There are two eras in Chicago dining: B.C. and A.C.
Before Charlie and After Charlie.
Charlie Trotter, who died Nov. 5 at 54, created more than an eating place when he opened his namesake restaurant in 1987. He remade the culinary landscape, introducing a sheaf of ideas on how to buy food, how to cook it and how to serve it.
Working from his own idiosyncratic playbook, he trained the chefs and the sommeliers and the waiters who would shape the dining experience that made Charlie Trotter’s the city’s pre-eminent fine-dining restaurant and a magnet for ambitious young professionals.
“He put across the idea that this isn’t just what you do, it’s who you are,” said Graham Elliot, who did two tours of duty with Trotter, at his flagship restaurant and at his takeout venture, Trotter’s to Go. “You are defined by your ingredients, by the way you touch them, by the flavors you draw from them. Chicago was absolutely transformed.”
The admirers who showed up outside Charlie Trotter’s on the night of his death and held a candlelight vigil might consider chiseling into its walls Christopher Wren’s epitaph in St. Paul’s Cathedral: Si monumentum requiris, circumspice. If you seek his monument, look around.
And not just in Chicago, for his reach was long, extending to chefs, restaurateurs, front-of-house workers and wine professionals across the country.
The legacy starts in Chicago, of course, where the graduates of what Elliot calls Charlie Trotter University now run the show. The honor roll is very long. There’s Elliot at Graham Elliot and Graham Elliot Bistro; Giuseppe Tentori at Boka; Homaro Cantu at Moto; Mindy Segal of Mindy’s Hot Chocolate; Art Smith of Table 52; Bill Kim of Belly Q and Urban Belly; and Curtis Duffy of Grace. Matthias Merges, the owner and executive chef of Yusho, opened a new restaurant, A10, in the Hyde Park neighborhood the night that Trotter died.
Trotter’s many acolytes bear the imprint of an experience not unlike belonging to a religious order or a cult. Trotter, like a culinary Maoist, preached endless revolution. Tasting menus, his stock in trade, were improvised daily and even hourly.
He was a fanatic about wine and food pairings and would order his chefs to adjust dishes at the last minute to match the wine order. A fan of cross-training, he did not hesitate to turn a cook into a waiter or tap his longtime sommelier, Larry Stone, on the shoulder and assign him to pastry duty.
“He created chefs, not cooks,” Elliot said, recalling the evening when he stood idle, waiting for the grill chef to deliver several quail he was using in a dish.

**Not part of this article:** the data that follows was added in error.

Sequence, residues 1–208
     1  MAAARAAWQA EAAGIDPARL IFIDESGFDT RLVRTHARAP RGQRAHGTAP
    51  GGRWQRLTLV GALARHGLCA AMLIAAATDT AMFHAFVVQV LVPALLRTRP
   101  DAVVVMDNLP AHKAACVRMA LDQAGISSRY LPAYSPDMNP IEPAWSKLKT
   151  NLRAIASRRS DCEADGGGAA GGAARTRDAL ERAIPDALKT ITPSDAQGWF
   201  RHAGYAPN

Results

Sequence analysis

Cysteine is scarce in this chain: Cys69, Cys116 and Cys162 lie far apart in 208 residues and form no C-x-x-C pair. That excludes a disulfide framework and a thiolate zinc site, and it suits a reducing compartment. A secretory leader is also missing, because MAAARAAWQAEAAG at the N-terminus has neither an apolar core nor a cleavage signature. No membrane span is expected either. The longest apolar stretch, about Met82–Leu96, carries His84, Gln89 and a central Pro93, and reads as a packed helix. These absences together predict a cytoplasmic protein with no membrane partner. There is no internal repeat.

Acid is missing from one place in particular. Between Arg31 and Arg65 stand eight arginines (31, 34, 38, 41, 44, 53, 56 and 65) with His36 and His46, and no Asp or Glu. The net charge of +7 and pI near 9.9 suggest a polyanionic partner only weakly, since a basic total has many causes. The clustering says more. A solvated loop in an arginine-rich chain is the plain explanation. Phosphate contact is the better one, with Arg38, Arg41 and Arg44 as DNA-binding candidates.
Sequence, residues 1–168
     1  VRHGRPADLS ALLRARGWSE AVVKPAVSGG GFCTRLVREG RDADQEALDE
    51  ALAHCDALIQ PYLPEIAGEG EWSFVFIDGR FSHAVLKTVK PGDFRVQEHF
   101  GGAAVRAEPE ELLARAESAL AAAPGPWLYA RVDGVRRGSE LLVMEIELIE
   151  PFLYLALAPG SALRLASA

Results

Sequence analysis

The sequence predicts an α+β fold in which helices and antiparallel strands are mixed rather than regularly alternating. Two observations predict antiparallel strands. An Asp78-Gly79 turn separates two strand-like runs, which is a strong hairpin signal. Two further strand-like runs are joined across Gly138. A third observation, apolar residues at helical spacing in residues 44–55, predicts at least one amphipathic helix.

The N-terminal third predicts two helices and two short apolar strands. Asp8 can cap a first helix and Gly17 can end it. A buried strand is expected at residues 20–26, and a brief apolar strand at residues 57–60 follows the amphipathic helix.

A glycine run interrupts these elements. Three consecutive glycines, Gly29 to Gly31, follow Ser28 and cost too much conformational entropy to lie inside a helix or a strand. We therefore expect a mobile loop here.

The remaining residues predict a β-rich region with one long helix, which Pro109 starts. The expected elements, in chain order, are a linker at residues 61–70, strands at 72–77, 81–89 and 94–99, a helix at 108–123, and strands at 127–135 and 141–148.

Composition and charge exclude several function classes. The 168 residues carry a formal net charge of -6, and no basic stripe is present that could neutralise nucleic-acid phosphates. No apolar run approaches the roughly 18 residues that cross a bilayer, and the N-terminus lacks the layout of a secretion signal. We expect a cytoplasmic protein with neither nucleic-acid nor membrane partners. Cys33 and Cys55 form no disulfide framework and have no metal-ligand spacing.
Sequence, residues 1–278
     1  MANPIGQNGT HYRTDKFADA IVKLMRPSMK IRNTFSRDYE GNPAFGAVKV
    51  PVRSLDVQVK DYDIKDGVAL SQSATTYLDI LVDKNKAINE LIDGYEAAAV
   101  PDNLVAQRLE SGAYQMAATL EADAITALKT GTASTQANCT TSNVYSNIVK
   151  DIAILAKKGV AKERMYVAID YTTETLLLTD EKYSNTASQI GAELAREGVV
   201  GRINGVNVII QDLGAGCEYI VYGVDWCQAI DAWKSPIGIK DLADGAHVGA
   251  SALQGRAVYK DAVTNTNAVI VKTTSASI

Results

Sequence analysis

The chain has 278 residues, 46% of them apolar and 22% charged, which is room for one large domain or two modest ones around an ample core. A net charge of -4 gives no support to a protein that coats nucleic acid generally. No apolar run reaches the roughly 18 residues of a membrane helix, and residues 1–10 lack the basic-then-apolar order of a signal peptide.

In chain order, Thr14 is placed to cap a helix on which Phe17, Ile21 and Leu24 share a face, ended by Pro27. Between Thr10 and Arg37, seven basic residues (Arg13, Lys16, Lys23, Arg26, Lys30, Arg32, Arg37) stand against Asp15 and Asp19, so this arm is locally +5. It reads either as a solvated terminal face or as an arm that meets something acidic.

Trotter led him to the array of meats sizzling on the grill and told him to forget the quail. “Make something happen,” he said.
And it was not just the food. Trotter believed in the concept of the restaurant as a gesamtkunstwerk, to borrow the Wagnerian term for a fully integrated work of art that touches all the senses simultaneously. That is one reason he introduced a table in the kitchen, encouraging guests to talk to the line cooks.
The wine world has felt his influence, too.
“When Charlie started, chefs didn’t consider sommeliers as anything more than glorified bartenders,” said Stone, who joined the restaurant in 1989. At the time, there were only two sommeliers in San Francisco, none in the Napa Valley, a few in New York.
“He elevated food and wine pairing to a level that has never been matched,” said Stone, who is now the dean of wine studies at the International Culinary Center in Campbell, Calif., and the estates director of the Napa winery Quintessa.
Trotter pushed his sommeliers to pass the master sommelier exam, a credential that opened doors in the industry. Many of his former employees went on to other top restaurants, to work with wine distributors or to operate wine stores.
Trotter’s reputation slid in recent years. When he closed his restaurant last year, it was a quarter-century old, an eternity in restaurant time, and the manic energy he poured into it took a personal toll. Increasingly, other restaurants and chefs received some of the love and attention that Trotter once monopolized.
But that, too, was testimony to his influence. The newcomers making all the noise, and captivating the critics, had something in common. Trotter had made the world they now thrived in.